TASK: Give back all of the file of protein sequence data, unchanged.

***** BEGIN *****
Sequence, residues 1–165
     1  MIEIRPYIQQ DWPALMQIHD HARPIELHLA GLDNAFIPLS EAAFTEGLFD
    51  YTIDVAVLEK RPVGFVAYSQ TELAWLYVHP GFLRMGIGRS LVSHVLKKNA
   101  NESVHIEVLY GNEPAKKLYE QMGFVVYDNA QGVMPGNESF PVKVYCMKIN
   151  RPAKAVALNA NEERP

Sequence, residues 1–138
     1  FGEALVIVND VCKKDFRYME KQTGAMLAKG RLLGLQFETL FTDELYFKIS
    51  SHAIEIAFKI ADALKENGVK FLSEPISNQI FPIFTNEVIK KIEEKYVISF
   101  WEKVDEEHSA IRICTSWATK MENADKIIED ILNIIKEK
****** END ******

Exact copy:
Sequence, residues 1–165
     1  MIEIRPYIQQ DWPALMQIHD HARPIELHLA GLDNAFIPLS EAAFTEGLFD
    51  YTIDVAVLEK RPVGFVAYSQ TELAWLYVHP GFLRMGIGRS LVSHVLKKNA
   101  NESVHIEVLY GNEPAKKLYE QMGFVVYDNA QGVMPGNESF PVKVYCMKIN
   151  RPAKAVALNA NEERP

Sequence, residues 1–138
     1  FGEALVIVND VCKKDFRYME KQTGAMLAKG RLLGLQFETL FTDELYFKIS
    51  SHAIEIAFKI ADALKENGVK FLSEPISNQI FPIFTNEVIK KIEEKYVISF
   101  WEKVDEEHSA IRICTSWATK MENADKIIED ILNIIKEK